Selfish Shellfish Cells Cause Contagious Clam Cancer

In the 1970s, scientists noticed that soft-shell clams along the east coast of North America were dying from a strange type of cancer. Their blood, which was typically clear, would fill with so many cells that it would turn milky. The rogue cells clogged and infiltrated the clams’ organs, often killing them.

This cancer—this clam leukaemia—seemed to be transmissible. If you took the blood of infected clams and injected it into healthy individuals, some of those recipients would develop the disease. For years, scientists suspected that a virus was involved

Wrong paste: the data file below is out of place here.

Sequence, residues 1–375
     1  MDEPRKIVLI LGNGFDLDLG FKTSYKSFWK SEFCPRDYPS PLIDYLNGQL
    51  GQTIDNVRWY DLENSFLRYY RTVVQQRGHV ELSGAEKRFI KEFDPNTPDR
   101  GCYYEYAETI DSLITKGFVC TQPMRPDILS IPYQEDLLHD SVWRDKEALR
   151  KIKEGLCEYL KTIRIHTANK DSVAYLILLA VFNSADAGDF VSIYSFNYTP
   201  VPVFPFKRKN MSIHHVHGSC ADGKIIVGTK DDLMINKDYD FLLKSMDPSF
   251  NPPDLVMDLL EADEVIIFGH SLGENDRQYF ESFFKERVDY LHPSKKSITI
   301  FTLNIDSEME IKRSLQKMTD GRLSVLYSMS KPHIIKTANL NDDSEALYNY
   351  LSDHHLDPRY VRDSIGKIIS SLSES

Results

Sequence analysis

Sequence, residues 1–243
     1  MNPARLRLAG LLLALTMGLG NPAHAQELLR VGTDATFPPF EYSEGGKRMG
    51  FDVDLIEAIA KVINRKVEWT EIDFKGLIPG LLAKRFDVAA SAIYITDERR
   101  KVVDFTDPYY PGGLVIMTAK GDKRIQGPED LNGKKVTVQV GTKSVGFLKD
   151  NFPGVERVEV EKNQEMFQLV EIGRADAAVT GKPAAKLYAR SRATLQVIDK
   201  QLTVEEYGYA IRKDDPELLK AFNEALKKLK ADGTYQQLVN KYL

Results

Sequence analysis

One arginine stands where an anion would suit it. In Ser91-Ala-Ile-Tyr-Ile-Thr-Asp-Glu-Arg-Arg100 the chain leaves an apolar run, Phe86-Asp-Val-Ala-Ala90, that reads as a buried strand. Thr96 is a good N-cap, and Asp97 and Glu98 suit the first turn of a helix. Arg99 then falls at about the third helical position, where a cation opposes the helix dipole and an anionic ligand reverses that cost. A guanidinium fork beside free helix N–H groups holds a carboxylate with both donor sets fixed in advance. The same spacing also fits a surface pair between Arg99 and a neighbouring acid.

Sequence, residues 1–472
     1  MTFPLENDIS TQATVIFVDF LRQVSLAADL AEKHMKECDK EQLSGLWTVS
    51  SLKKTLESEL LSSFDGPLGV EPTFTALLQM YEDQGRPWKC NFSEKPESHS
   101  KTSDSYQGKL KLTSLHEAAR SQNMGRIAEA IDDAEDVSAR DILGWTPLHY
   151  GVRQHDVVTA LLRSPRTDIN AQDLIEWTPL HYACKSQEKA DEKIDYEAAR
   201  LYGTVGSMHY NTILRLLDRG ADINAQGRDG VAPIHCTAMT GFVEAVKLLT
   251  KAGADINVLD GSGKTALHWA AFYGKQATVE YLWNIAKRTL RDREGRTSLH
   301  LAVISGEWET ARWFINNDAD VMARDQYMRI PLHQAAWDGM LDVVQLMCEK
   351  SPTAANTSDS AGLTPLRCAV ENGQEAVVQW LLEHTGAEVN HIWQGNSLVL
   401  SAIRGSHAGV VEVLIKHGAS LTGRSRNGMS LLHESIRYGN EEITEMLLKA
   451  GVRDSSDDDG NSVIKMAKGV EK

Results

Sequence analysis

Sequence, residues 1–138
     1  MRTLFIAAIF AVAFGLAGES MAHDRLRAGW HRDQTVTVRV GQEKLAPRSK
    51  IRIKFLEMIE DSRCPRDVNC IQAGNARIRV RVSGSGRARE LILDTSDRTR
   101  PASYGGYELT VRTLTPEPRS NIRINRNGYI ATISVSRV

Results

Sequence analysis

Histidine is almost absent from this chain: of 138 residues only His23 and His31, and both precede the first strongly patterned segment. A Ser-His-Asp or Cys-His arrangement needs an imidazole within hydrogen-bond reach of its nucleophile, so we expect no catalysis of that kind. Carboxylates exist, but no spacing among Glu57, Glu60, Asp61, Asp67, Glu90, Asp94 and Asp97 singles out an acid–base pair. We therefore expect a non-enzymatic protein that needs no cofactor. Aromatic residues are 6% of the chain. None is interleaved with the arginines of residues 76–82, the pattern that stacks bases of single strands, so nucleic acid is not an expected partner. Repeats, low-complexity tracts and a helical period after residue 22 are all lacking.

Michael Metzger from Columbia University has a different explanation. His team has discovered that the thing ...

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